Forfeiting the Marriage Contest

Let me ask you a question about your marriage, and try to answer it as honestly as you can.  Are you silently “keeping score?”  In other words, do you tally your spouse’s faults and weaknesses while only taking note of your own good deeds?  And once you’re ahead, do you leverage your scorecard to bully your spouse or get your own way?   If so, you’ve turned your marriage into a contest, not a mutually-sacrificing partnership.  And in this game, both of you lose unless you choose to forfeit the contest.

Many of us initiate the contest without even realizing it. It begins innocently enough. You start to notice your spouse’s minor offenses—maybe he left the lights on, forgot to lower the toilet seat, or missed a scheduled event. However, as time passes, the list of grievances grows and the offenses may worsen in severity—perhaps your wife calls you a hurtful name or lashes out in explosive anger. In your mind, these bigger offenses tip the contest heavily in your favor.  Your growing resentment of your spouse accompanies an inability to see your own faults, and together they seem to justify any and every choice you make (however selfish it may actually be).

In this destructive contest, you slowly learn to ignore your spouse’s positive virtues.  After all, giving your wife credit for her thoughtfulness only makes it more difficult to “one-up” her on the scorecard, right?  By the same logic, forgiveness goes out the window—after all, has any team ever won a Super Bowl by allowing the opposing team to undo a mistake?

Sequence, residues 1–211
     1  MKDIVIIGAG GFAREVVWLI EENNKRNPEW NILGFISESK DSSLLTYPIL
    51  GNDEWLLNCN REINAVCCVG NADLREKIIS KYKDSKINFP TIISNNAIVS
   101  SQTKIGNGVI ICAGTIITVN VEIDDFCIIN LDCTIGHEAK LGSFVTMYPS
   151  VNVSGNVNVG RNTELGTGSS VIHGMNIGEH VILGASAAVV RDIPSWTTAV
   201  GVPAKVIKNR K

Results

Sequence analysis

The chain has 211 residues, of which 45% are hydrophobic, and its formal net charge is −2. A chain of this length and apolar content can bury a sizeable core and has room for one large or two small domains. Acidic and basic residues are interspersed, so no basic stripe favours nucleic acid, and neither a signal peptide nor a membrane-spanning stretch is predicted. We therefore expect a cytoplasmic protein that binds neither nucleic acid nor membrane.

So what initiates this contest?  Pride.  It’s the sin beneath all sins. Nowhere does your pride make itself more obvious than in your most intimate relationship, marriage. We cling to our self-image and our need to be right.  As a result, we become judgmental, condescending, angry, and hard-hearted.  Our pride calls us to superiority, and we end up destroying anyone or anything that stands in the way.

If we are to have a marriage that bears the fruit God intended, we must look beyond ourselves. Like Jesus, we must lay down our lives until it hurts. Not occasionally but moment to moment, in every encounter. Paul’s admonishment to “honor one another above yourselves” is no less of a challenge—and no less important—now than when he wrote it.

No one knows how destructive a “marriage contest” can be better than my wife and me.  Like any competition, the stakes increased as time passed. As years rolled by, the exchanges between us became increasingly volatile.  What was once a contest became a full-blown war.

For us, the escalating war of our marriage included police responses to domestic dispute calls, infidelity, alcoholism, and jail time for a DUI arrest. Instead of only pointing the fingers at each other, we invited judges, lawyers, and police officers to help us make our accusations. Our ever-increasing selfishness and self-righteousness brought our marriage and family to the brink of destruction.

Only with God’s intervention was our marriage spared. Now we follow His lead a day at a time and admittedly, some days better than others. The choice not to re-engage in scorekeeping requires deliberate effort.  But we now have hope where we once had none.

Don’t wait as long as we did to forfeit the marriage contest!  The only real way to win in your marriage is to lose.  Lose the scorecard.  Lose the resentment.  Lose your pride. Lose your selfishness.  Surrender your life and your marriage to Jesus Christ, and you’ll find contentment and joy far beyond any competition can offer.

By Joe Barruso with Scott Hancock

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